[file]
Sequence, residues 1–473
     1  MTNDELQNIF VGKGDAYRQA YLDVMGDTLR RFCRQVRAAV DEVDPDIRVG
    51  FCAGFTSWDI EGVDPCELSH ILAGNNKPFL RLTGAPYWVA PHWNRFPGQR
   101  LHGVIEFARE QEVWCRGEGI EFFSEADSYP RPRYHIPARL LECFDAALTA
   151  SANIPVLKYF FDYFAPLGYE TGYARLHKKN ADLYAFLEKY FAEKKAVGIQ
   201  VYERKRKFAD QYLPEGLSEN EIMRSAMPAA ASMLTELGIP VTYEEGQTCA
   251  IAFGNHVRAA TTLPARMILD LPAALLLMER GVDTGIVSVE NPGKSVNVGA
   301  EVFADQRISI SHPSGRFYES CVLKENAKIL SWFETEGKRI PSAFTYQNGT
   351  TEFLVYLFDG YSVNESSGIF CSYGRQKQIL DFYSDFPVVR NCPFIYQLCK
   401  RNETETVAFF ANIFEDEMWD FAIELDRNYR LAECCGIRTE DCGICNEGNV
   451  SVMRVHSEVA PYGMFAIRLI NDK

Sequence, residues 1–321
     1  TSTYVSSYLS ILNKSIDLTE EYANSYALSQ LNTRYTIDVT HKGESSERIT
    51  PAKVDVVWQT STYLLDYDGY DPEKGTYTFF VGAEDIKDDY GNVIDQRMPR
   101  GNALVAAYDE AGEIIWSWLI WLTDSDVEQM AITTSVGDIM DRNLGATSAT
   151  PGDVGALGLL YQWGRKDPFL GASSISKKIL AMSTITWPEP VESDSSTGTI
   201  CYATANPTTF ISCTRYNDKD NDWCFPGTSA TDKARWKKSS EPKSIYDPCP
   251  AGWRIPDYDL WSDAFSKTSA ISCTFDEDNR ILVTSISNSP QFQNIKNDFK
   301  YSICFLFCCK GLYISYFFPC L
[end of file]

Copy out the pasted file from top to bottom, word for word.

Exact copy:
Sequence, residues 1–473
     1  MTNDELQNIF VGKGDAYRQA YLDVMGDTLR RFCRQVRAAV DEVDPDIRVG
    51  FCAGFTSWDI EGVDPCELSH ILAGNNKPFL RLTGAPYWVA PHWNRFPGQR
   101  LHGVIEFARE QEVWCRGEGI EFFSEADSYP RPRYHIPARL LECFDAALTA
   151  SANIPVLKYF FDYFAPLGYE TGYARLHKKN ADLYAFLEKY FAEKKAVGIQ
   201  VYERKRKFAD QYLPEGLSEN EIMRSAMPAA ASMLTELGIP VTYEEGQTCA
   251  IAFGNHVRAA TTLPARMILD LPAALLLMER GVDTGIVSVE NPGKSVNVGA
   301  EVFADQRISI SHPSGRFYES CVLKENAKIL SWFETEGKRI PSAFTYQNGT
   351  TEFLVYLFDG YSVNESSGIF CSYGRQKQIL DFYSDFPVVR NCPFIYQLCK
   401  RNETETVAFF ANIFEDEMWD FAIELDRNYR LAECCGIRTE DCGICNEGNV
   451  SVMRVHSEVA PYGMFAIRLI NDK

Sequence, residues 1–321
     1  TSTYVSSYLS ILNKSIDLTE EYANSYALSQ LNTRYTIDVT HKGESSERIT
    51  PAKVDVVWQT STYLLDYDGY DPEKGTYTFF VGAEDIKDDY GNVIDQRMPR
   101  GNALVAAYDE AGEIIWSWLI WLTDSDVEQM AITTSVGDIM DRNLGATSAT
   151  PGDVGALGLL YQWGRKDPFL GASSISKKIL AMSTITWPEP VESDSSTGTI
   201  CYATANPTTF ISCTRYNDKD NDWCFPGTSA TDKARWKKSS EPKSIYDPCP
   251  AGWRIPDYDL WSDAFSKTSA ISCTFDEDNR ILVTSISNSP QFQNIKNDFK
   301  YSICFLFCCK GLYISYFFPC L